“Your body is a temple of the divine spirit” 1 Corinthians 6
Take a look at the first image. This is a very old print that I made when at Art College. What does it say to you? The second image is by Aishan Yu and was made as part of an ongoing project at St Andrews Church Fulham where several artists were invited to respond to the tradition of the Stations of the Cross, a series of images that reflect on Christ’s journey from being condemned to his death. Yu repurposed pieces of discarded ‘rubbish’ from the church’s neighbourhood and painted scenes from the Stations onto them, focusing on Christ’s hands and feet. I suggest that both my picture and Yu’s use the body to show something spiritual, they in fact embody faith. As an artist, my thinking, feeling and faith are all of necessity visceral. I use the physical to express the spiritual.
I have been thinking about this connection between the body, the mind and the soul. Recently I visited a peer support group as part of an art project I’m in the process of setting up. As each person shared their story, a common thread appeared to be that exercise had really helped them manage their mental health. I have also recently attended my only non-lockdown Tai Chi class, a new discovery which I hope to pursue in the future. What was fascinating about this was that my thinking needed to step back for the body to lead, and yet the whole process was incredibly mindful. There was something meditative about the careful, meaningful body movements: this is something I also experienced on my slow, often wandering lockdown walks. In fact, one of the more positive effects of the ongoing restrictions for many has been not only the physical advantages of going for a walk, but the effect that this has had on their wellbeing overall.
During lockdown I have also discovered wild swimming. Well, to be honest, I have always liked swimming outside in fresh water (which is what us oldies call wild swimming). However, the difference now is that I’m doing it more often and am still doing it in November, something I never thought possible, mainly as I suffer with terrible circulation. Despite this and my other health issues, which often almost put me off on the day, without fail I always feel so much better for doing it and the rush of endorphins is palpable. Interestingly, current research shows that wild swimming could guard against dementia and generally improve mental health.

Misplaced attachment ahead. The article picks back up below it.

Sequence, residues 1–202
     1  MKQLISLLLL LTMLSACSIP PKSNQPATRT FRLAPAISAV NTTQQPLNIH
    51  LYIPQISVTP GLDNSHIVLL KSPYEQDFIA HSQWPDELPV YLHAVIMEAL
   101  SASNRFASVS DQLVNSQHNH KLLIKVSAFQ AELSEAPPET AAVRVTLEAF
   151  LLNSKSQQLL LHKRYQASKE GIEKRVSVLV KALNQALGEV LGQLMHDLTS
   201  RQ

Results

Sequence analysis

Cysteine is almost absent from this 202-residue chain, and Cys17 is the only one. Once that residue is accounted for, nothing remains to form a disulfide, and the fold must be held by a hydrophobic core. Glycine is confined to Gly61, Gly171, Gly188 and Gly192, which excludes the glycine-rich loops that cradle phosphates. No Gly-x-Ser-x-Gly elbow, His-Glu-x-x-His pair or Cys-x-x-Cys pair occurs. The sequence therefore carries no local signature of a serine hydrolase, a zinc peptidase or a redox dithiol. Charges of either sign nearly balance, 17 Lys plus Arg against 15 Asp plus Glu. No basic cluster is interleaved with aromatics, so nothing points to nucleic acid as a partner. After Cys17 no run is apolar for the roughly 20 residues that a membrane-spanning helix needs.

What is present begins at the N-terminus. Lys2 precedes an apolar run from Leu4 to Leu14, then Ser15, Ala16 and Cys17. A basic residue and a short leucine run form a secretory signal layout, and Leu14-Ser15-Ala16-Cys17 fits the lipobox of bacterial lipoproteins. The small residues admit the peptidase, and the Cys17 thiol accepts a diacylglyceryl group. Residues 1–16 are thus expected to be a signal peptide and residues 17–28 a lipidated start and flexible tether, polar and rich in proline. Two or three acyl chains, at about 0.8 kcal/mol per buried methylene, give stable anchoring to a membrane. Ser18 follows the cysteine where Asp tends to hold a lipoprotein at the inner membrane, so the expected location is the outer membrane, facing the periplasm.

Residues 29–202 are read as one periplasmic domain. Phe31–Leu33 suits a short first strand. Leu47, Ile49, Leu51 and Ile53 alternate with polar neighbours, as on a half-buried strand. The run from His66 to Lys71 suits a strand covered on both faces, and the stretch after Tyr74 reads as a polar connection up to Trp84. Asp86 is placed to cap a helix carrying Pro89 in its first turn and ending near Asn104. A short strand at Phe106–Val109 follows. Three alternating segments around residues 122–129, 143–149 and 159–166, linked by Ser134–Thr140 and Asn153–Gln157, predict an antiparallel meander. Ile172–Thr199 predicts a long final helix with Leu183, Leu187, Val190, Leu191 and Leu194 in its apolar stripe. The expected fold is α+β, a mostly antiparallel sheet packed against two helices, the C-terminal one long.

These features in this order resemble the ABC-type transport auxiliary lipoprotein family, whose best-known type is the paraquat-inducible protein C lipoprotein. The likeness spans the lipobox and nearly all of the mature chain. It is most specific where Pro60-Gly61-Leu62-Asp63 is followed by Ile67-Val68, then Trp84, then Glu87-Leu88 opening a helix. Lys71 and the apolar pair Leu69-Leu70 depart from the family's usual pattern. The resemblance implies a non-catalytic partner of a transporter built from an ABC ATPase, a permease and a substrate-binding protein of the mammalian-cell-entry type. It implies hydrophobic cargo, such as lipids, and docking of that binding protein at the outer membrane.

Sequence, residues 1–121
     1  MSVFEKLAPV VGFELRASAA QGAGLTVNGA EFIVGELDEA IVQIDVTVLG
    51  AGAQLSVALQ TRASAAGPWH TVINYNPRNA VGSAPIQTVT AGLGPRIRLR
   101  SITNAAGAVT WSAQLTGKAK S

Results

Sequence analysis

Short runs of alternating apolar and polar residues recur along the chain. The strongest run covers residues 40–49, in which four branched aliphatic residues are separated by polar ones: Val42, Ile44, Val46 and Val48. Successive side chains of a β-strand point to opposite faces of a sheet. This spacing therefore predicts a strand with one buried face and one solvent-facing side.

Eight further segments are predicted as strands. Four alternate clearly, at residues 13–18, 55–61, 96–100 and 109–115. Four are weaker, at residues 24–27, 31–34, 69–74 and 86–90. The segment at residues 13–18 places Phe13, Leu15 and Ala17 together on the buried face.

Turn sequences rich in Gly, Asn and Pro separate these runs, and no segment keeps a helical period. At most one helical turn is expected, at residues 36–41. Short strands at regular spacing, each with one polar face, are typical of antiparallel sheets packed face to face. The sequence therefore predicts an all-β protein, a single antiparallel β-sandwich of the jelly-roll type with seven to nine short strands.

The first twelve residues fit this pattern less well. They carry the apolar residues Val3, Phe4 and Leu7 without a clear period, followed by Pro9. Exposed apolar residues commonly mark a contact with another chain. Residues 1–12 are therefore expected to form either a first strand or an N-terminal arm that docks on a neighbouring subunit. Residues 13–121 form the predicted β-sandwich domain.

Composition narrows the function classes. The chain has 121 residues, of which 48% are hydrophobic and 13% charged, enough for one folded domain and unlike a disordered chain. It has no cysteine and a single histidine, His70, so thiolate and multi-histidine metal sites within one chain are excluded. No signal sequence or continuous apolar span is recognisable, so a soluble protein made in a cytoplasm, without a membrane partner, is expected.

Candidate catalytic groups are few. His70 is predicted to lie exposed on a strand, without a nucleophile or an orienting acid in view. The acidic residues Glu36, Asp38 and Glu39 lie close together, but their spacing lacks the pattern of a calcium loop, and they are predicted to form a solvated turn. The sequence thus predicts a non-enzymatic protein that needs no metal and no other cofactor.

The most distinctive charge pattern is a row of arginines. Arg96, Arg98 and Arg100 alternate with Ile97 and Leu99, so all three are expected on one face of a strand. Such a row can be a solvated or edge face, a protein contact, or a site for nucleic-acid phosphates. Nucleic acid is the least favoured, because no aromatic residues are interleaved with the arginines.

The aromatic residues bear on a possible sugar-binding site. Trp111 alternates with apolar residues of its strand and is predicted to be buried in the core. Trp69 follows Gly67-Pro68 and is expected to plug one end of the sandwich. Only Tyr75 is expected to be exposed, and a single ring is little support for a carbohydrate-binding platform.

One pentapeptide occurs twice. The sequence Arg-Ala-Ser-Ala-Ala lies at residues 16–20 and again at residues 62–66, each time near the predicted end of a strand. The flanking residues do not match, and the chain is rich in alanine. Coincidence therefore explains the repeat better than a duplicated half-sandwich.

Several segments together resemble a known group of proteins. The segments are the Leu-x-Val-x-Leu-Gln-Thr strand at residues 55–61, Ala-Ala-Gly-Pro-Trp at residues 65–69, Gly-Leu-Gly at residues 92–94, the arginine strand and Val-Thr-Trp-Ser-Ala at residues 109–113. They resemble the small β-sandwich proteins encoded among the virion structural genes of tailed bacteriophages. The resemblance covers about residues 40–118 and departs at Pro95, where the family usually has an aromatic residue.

In our western society and religions there has been a tendency to prioritise the mind over the body. Any bodily activity has been seen as something separate, perhaps a form of entertainment or fun or, in recent years, often mostly about physical health. The Western Christian tradition has tended towards the cerebral with the ‘flesh’ viewed with suspicion. But maybe its time to rediscover our connections across this divide. If we look at the story behind the Christian Faith, it is about a God who ‘was made flesh’’ (John 1) as the well-known Christmas verse says. This is what Aishan Yu’s image is all about – the vulnerable and embodied divine, as depicted through the story of Jesus. And if we look at our Celtic traditions here in the UK, we see a holistic spirituality as exampled in this early blessing from the Carmina Gadelica:
God to enfold me, God to surround me, God in my speaking, God in my thinking.
God in my sleeping, God in my waking, God in my watching, God in my hoping.
God in my life, God in my lips, God in my soul, God in my heart.
God in my sufficing, God in my slumber, God in mine ever-living soul, God in mine eternity.
Take time to look at the pictures and consider these questions:
- How do you connect with the divine through your body?
- What physical actions make you feel deeply alive?
- What might you do to connect mind, spirit and body?
Choose a physical action, ideally outside, and do it meaningfully and meditatively if at all possible. Try to be in your body and put busy thoughts aside. Take note of your physical sensations and your mental mood, but put thoughts about work, family or other issues that are bothering you into a ‘to do later’ box if you can. Be in the moment and sense the divine around you and within you. Allow half an hour.
At LMM we regularly produce reflections and meditations, find more here. Shaeron Caton Rose wrote this visual meditation, you can find this and other resources on her website.